Things are tense for PF on the Copperbelt, Chishimba Kambwili told Freedom Sikazwe and an official from the National Union of Miners and Allied Workers at Parliament building on Friday.
Kambwili, who is chief government spokesperson, was saying this in the lobby outside the chambers, while finance minister Alexander Chikwanda was on the floor of the House, giving a ministerial statement on the depreciation of the kwacha.
Kambwili was seated with three other officials upstairs near the balcony at Parliament, discussing party matters, while Sikazwe was standing but leaning over the information minister’s shoulders.
He told Sikazwe, who is Northern Province minister that the job losses on the mines were posing a threat to the PF’s survival beyond 2016.
“These people don’t know that things are bad. Things are bad for PF there. Ifintu tafilibwino. Nichifye ba union, you are still with us. Otherwise…,” he said.
“I have been telling this (Fackson) Shamenda to go and talk to the mines but the man is not doing anything. He went to his constituency recently but imagine he didn’t even get to Luanshya. We have been saying let these people talk to the mines.”
He expressed concern that the ministries responsible for mines and labour were not proactive.
“You know, one day I will just hold a briefing and tell this Shamenda off. We cannot continue like this. Ifwe twaliyiculila PF. Aba abaisa tabaishiba ifyo twaculile (We suffered for PF, these people who have joined now, don’t know how much we suffered). They don’t care,” Kambwili said.
“Me I talk when I see something wrong, I don’t care. I told the President but he said, ‘I will talk about it when I come back’. Pa Monday nkabacita brief. Bakateka baleyesha, abaletubwesha panshi ni aba bene ba labour na mines (ministries). The thing with me is that I don’t want to pretend. I don’t even know why ministers don’t want to explain to the nation what is happening in their line ministeries.”
Kambwili, who is also Roan PF member of parliament, said he was not happy with the manner in which Shamenda was handling the job losses on the Copperbelt.
“I was upset when he said, ‘We are doing something’. Bashimaini balecula cilelanda ati tulecita ifintu. Nalefwaya ukuyamutobamo (I wanted to go and hit him). I was upset when he said that. I said bushe balishiba ama politics? (do they know politics?). Things are tense. Things are tense on the Copperbelt,” said Kambwili.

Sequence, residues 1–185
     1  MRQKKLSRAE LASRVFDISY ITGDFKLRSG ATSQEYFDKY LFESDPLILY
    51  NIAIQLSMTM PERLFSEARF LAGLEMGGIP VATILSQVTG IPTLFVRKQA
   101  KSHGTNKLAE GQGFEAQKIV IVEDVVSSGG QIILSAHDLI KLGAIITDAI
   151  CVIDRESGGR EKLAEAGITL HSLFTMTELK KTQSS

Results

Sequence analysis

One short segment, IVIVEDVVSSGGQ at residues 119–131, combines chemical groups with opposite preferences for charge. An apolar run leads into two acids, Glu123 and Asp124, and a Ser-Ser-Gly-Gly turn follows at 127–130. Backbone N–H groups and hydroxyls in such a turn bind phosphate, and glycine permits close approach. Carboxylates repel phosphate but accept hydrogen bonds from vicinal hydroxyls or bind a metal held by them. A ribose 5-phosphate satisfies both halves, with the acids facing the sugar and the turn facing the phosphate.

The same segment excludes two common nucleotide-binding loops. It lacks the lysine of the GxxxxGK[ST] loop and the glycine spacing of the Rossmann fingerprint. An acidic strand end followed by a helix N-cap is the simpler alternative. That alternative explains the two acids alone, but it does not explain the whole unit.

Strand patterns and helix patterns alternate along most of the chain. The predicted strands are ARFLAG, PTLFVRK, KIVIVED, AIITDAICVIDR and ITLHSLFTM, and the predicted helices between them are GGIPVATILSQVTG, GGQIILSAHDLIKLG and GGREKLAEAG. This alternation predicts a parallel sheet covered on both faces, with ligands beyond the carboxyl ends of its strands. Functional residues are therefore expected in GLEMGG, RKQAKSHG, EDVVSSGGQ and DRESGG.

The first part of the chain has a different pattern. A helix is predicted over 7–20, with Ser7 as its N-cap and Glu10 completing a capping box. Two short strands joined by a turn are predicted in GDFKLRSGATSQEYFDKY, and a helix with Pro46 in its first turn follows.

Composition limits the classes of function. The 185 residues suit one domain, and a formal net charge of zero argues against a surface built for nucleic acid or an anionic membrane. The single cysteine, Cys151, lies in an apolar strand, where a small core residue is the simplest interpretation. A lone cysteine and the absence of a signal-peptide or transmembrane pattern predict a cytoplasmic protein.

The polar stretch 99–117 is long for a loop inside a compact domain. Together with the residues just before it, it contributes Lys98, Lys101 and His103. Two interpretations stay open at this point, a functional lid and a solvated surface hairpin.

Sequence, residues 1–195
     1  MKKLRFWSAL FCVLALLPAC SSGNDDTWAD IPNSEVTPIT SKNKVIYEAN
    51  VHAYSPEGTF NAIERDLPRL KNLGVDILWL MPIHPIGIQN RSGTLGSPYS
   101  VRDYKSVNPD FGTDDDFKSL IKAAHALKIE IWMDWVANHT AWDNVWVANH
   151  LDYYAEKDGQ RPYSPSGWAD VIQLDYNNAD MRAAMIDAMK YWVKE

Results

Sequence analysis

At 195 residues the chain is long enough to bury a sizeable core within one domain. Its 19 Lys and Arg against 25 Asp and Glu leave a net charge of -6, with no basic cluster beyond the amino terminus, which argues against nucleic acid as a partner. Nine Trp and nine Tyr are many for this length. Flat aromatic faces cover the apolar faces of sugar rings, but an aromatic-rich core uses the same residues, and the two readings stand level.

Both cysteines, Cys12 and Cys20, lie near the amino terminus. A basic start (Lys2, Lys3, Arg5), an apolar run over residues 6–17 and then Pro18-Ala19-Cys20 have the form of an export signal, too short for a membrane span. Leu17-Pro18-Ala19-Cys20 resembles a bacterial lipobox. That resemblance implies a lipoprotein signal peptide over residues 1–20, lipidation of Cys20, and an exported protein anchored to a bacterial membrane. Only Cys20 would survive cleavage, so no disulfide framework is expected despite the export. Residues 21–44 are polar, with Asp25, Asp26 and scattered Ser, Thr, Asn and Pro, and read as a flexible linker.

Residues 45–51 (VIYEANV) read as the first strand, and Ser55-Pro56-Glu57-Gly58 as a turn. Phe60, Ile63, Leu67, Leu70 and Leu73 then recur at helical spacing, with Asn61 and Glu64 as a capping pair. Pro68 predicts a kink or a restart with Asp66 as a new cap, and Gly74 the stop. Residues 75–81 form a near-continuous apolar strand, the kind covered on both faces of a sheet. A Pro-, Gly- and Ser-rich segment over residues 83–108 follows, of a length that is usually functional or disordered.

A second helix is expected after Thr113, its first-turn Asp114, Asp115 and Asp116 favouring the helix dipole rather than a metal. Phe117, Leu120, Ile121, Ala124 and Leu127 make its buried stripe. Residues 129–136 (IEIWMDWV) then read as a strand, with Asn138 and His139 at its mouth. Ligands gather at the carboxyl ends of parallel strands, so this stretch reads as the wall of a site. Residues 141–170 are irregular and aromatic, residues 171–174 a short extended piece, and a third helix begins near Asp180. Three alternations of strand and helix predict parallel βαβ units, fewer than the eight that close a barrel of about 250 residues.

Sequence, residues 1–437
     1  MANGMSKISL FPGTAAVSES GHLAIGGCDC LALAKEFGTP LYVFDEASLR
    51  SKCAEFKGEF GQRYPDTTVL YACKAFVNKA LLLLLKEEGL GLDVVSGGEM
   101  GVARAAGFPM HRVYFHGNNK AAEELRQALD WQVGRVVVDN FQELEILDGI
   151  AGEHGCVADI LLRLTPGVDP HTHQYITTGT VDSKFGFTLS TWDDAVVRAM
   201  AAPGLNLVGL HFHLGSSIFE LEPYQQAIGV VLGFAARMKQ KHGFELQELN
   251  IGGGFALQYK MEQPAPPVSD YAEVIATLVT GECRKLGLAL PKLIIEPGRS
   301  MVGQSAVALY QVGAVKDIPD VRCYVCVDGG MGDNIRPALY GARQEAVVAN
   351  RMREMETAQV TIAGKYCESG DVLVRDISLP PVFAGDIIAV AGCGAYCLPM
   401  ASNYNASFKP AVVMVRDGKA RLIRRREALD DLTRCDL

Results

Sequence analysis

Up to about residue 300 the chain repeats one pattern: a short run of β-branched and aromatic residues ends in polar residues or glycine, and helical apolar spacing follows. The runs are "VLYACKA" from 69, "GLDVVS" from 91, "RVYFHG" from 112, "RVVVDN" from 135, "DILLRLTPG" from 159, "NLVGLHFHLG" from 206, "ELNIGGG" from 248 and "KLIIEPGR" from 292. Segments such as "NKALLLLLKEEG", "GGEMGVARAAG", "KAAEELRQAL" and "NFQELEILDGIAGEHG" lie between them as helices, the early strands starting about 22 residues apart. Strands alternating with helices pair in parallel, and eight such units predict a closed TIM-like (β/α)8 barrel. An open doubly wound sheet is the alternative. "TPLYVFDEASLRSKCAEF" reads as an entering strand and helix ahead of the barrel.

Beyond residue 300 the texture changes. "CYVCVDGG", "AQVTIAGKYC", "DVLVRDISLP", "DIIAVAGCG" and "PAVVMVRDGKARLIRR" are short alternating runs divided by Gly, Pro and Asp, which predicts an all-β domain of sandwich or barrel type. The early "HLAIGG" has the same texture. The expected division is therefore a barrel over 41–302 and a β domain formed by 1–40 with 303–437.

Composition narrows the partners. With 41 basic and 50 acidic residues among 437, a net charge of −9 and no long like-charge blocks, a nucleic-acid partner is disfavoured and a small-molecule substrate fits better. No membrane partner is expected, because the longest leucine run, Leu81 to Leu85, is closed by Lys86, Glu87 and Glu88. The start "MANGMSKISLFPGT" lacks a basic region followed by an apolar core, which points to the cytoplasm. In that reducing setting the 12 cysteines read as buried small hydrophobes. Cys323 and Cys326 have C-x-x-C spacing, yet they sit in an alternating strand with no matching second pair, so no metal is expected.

And agreeing with Kambwili, Sikazwe, who is also Mpulungu PF member of parliament said it was unfortunate that some people in PF felt they had arrived.
“Kuli bena, balifika …apa tufwile twaunfwana twapanga decision elyo bakalandishyanye… Echo ndepapa cakuti bonse muleyilishanya, muleyilishanya kuli nani? (To them, they have arrived. Right now we are supposed to cooperate and make a decision to negotiate. But what is surprising me is that everyone is complaining, you are complaining to who?) What we need to do [is to] tell them [mining firms] ‘What we have observed nifi nefi so efyo twishile kuno, what do you think is the way forward?’” Sikazwe said.
He also blamed Chikwanda for not explaining the state of affairs to the nation.
“…Ba Minister of Finance teti balande. Teti bafumye ishiwi, nomba ninshi balecita? Na ba bene ba energy minister benu noti ukulabebela mumano kumutamfya. Kumwebafye ati we have no time. Na ba tucita let down. (The finance minister can’t talk. He can’t even produce a word, so what is he doing? And this one, your energy minister, you shouldn’t be telling him things diplomatically, it’s to chase him. It’s to tell him that we have no time because they have let us down),” said Sikazwe.
When Kambwili was approached to explain why he felt Shamenda and mines minister Christopher Yaluma were not doing enough to save the party, he excused himself saying he needed to rush back into the chambers.
“Call me later. I am going to the toilet and I have to rush back,” he said.
And realising that the reporter was still waiting for him in the lobby, Kambwili still refused to comment further saying, “I am rushing back inside… you can’t quote me out of hearsay.”
Meanwhile, Shamenda admitted in an interview that it had not been easy for government to hold negotiation with mines in the face of the current economic challenges.
“I have been meeting with all the mines who are facing these challenges. This is a very sensitive situation and the challenges are real. We have been meeting quietly to resolve these issues to serve jobs,” Shamenda.
“These issues are not necessarily labour challenges. These are issues pertaining also to the Ministry of Mines because they are pertaining to mining operations. The copper prices have gone down and there is the load-shedding arrangement. There is the VAT and Royalty issues which the mines have been discussing.”
He said he had met nearly all the chief executive officers of the mining firms, individually and the Chamber of Commerce and trade to plead with them and to ask them to consider other options as opposed to laying off workers.
“It’s not a matter of just telling mining firms, serve the jobs. We are trying to look at resolving our problems so that when we do that, they can return the miners. If we mess it up, we may lose all the jobs. Mind you as we serve jobs, we have to buy medicines in hospitals and build schools. It is important we don’t aggravate the volatile situation as it is,” said Shamenda.